Speaking of contrast, the levels in this presentation have definitely been elevated. While I did not feel it was inappropriate given the visual style of the film and creative team, it was also something that could be misinterpreted as being too dark or too bright based on the specific scene. Robert Richardson is well known for his usage of top/back lighting to edge light performers, as well as for stark contrast between lighting even within the same shot (for example, the well lit milk glass compared to the dimly lit surroundings of the farm house) adding dramatic appeal and tension to scenes. The HDR grading definitely brought those aspects of his style much more towards the extreme with certain bright elements appearing almost, or actually, blown out and dimly lit areas down into the shadows. While more extreme than past releases, I did not find this displeasing. If looking at it in isolation of a screenshot, highlights and shadows are much more juxtaposed than when experiencing the film in action in a well controlled home theater environment. That said, depending on your screen, as well as your preferences, you may perceive some of those shadow areas as less inky, and more elevated, but the overall ratio of bright whites to dark blacks is still high meaning the image in no way looks flat as a result.

The main head-scratcher on the release is why they opted to include HDR10+, but not Dolby Vision. While both are very capable, the adoption of the latter is definitely higher in the U.S. from a display standpoint, so it seems like they could have included both dynamic formats.

Video Score (4K): 4.3 / 5

The included Blu-ray is the same as the 2009 release and will not receive a score as part of this review.

Audio Review:

The 5.1 mix we have on board the 4K disc is the same as found on past releases and the included Blu-ray disc. It’s a strong mix with high quality, clear dialog that makes this character driven movie highly intelligible throughout. The use of surrounds is strong creating both ambiance and supporting some of the action  of this still fairly front heavy movie. The LFE is certainly present throughout, but it is not what I would call “strong” mostly coming in to support some of the hits and explosions but not driving up into the action movie levels of bass. Capable front speakers running full range could handle most of the low end, but that certainly does not mean to turn off your subs.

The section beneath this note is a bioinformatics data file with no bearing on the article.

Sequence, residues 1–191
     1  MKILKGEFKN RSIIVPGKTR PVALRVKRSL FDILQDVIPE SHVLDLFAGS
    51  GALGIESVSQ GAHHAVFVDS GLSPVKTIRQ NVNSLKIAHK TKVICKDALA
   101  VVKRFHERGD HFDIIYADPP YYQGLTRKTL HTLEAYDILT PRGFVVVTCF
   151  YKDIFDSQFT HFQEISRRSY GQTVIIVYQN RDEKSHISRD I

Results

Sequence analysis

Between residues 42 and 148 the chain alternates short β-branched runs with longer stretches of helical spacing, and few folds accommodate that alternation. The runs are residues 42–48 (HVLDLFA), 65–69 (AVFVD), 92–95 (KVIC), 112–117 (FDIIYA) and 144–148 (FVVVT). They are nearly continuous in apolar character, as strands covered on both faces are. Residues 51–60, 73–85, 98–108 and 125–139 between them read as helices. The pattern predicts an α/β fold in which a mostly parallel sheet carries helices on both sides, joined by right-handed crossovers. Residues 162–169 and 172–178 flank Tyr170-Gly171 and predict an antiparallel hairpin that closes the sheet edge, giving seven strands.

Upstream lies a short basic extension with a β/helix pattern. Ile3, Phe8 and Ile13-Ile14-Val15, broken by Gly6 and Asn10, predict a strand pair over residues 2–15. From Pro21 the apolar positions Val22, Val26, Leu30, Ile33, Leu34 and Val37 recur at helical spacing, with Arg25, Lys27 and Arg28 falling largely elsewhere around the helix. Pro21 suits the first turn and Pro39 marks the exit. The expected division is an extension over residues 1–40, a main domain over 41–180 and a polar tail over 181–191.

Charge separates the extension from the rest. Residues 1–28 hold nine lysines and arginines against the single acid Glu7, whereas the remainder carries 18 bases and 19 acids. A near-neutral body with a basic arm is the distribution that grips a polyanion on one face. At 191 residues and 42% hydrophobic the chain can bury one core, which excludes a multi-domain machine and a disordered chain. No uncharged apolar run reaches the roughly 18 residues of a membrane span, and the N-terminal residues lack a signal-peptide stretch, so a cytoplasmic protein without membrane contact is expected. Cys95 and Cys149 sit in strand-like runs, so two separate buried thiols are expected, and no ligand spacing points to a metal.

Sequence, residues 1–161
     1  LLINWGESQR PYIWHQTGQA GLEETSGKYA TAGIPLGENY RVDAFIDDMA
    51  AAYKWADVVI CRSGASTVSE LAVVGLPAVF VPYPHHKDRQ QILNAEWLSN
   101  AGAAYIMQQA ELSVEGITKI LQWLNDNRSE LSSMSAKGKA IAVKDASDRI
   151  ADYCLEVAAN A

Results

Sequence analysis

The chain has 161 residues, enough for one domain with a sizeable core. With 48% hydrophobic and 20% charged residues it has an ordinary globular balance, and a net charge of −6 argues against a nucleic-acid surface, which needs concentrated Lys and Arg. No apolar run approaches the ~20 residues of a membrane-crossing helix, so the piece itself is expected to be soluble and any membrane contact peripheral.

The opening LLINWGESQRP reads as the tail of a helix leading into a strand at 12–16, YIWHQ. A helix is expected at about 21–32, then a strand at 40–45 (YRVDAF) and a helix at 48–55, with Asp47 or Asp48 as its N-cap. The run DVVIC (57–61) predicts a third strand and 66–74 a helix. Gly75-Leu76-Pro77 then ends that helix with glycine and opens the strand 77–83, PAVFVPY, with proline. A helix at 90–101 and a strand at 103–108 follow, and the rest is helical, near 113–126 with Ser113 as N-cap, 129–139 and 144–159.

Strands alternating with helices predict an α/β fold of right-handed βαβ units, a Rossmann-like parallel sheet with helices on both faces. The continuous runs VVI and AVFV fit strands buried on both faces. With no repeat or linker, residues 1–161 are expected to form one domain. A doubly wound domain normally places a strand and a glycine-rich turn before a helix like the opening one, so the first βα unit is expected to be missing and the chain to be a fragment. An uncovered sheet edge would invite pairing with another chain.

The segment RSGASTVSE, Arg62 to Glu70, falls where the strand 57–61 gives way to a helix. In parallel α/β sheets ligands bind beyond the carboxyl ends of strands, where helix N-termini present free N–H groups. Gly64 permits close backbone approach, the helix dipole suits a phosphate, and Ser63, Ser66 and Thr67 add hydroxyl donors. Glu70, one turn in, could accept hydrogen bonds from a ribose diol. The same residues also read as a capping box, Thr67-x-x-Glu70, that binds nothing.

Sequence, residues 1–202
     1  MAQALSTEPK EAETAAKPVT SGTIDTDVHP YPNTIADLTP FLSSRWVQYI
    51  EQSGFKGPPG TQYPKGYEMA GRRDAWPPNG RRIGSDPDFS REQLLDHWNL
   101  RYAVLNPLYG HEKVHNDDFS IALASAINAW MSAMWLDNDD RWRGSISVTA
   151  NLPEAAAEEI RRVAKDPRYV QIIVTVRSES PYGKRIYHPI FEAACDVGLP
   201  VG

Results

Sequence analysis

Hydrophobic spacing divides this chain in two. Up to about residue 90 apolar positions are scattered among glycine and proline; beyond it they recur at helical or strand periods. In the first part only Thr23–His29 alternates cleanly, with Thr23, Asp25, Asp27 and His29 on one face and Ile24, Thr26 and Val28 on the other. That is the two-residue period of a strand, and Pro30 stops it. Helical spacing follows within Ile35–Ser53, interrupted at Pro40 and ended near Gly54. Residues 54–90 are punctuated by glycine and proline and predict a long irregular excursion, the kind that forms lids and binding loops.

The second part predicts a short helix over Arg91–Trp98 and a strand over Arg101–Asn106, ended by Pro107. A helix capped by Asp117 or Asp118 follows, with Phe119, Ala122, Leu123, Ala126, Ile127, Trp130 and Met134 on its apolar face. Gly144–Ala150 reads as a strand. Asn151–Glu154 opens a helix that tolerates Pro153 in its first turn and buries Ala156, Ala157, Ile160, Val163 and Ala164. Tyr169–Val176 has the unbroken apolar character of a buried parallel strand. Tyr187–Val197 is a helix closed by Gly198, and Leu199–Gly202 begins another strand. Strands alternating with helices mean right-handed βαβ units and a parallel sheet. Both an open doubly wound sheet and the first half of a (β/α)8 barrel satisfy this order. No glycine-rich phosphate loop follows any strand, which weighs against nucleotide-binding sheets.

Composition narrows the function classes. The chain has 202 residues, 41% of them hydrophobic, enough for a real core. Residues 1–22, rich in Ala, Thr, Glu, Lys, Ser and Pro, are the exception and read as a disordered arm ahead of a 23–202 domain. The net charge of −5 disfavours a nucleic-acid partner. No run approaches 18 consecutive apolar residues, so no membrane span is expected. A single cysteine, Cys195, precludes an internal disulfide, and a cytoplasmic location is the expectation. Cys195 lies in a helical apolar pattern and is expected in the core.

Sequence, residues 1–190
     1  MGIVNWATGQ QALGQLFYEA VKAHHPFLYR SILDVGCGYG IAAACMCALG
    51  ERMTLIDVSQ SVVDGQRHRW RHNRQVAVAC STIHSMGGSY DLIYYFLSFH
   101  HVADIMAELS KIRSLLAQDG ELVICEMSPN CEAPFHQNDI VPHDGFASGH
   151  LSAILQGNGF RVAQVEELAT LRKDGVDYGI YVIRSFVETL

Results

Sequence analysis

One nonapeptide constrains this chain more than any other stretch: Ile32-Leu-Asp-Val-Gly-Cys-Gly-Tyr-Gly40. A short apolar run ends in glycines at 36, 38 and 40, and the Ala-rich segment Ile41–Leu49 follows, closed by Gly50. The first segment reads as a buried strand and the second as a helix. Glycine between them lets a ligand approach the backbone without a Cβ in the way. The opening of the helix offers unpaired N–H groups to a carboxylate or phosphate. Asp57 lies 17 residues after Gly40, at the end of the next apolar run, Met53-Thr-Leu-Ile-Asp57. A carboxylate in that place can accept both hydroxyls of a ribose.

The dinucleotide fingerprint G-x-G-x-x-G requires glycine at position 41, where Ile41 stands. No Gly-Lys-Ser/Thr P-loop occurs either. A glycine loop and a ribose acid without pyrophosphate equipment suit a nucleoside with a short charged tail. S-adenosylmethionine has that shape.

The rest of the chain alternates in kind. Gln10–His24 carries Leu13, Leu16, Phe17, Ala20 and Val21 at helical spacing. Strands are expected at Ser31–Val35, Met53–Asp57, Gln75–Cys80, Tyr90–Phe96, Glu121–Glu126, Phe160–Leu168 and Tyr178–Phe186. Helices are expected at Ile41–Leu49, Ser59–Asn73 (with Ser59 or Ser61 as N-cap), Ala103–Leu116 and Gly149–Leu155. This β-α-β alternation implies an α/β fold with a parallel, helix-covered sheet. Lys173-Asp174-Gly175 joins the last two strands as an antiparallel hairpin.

While I would have preferred a slightly more expansive and active mix and a more modern format is always welcomed, what we did keep on the disc in terms of audio is still quite good and made for an enjoyable experience.

Audio Score (4K): 4.0 / 5

The included Blu-ray is the same as the 2009 release and will not receive a score as part of this review.

Special Features and Packaging:

Universal ported over most of the special features, with a couple minor exceptions, from the past Blu-ray releases. Those features are mostly enjoyable and rewatchable for a fan of the film. There was one addition for this release and it is an hour-long discussion with Tarantino, Brad Pitt and Elvis Mitchell regarding the film. It was a nice inclusion and something fans have not had on the format yet, but also not an expansive list of additions.

The packaging is pretty average, with the inclusion of a slipcover and semi-decent artwork, and some disc art on this type of standard release is expected and they did deliver. So no real points gained or lost on this front.

Features Score: 3.2 / 5


If you are a fan, I would recommend you pick this up if you find it for under $20. I know there were a bunch of people cancelling pre-orders after  a couple of poor reviews prior to release, but I think the flack this release caught was unwarranted. I think the upgrade in the visual detail is certainly there and the handling of color and contrast was certainly on the more extreme side, but it just made the experience slightly different, but overall noticeable better than past Blu-ray releases. If you were one of those people who did cancel, I would say to reconsider, or maybe wait until a Black Friday deal and nab this on sale if you don’t want to risk your budget. 

Buy/Upgrade Recommendation: YES, for the right price

If after checking out the review, you decide to pick it up, you can find it here*: Amazon

Summary and Overall Scores:

I was disappointed with the initial rumblings about this release, but I’m glad I picked it up in spite of them as this is definitely a well-presented upgrade of a great film on visuals and maintaining a very good audio mix. Given the many considerations the studio likely had to make, there were only a few things I could really give them negatives for and nothing that would hold me back from having this version in my collection.

Experience Score**: 4.1 / 5  (Very Good)

** Experience score does not take into account the quality of the film itself, just the technical presentation, packaging and included features.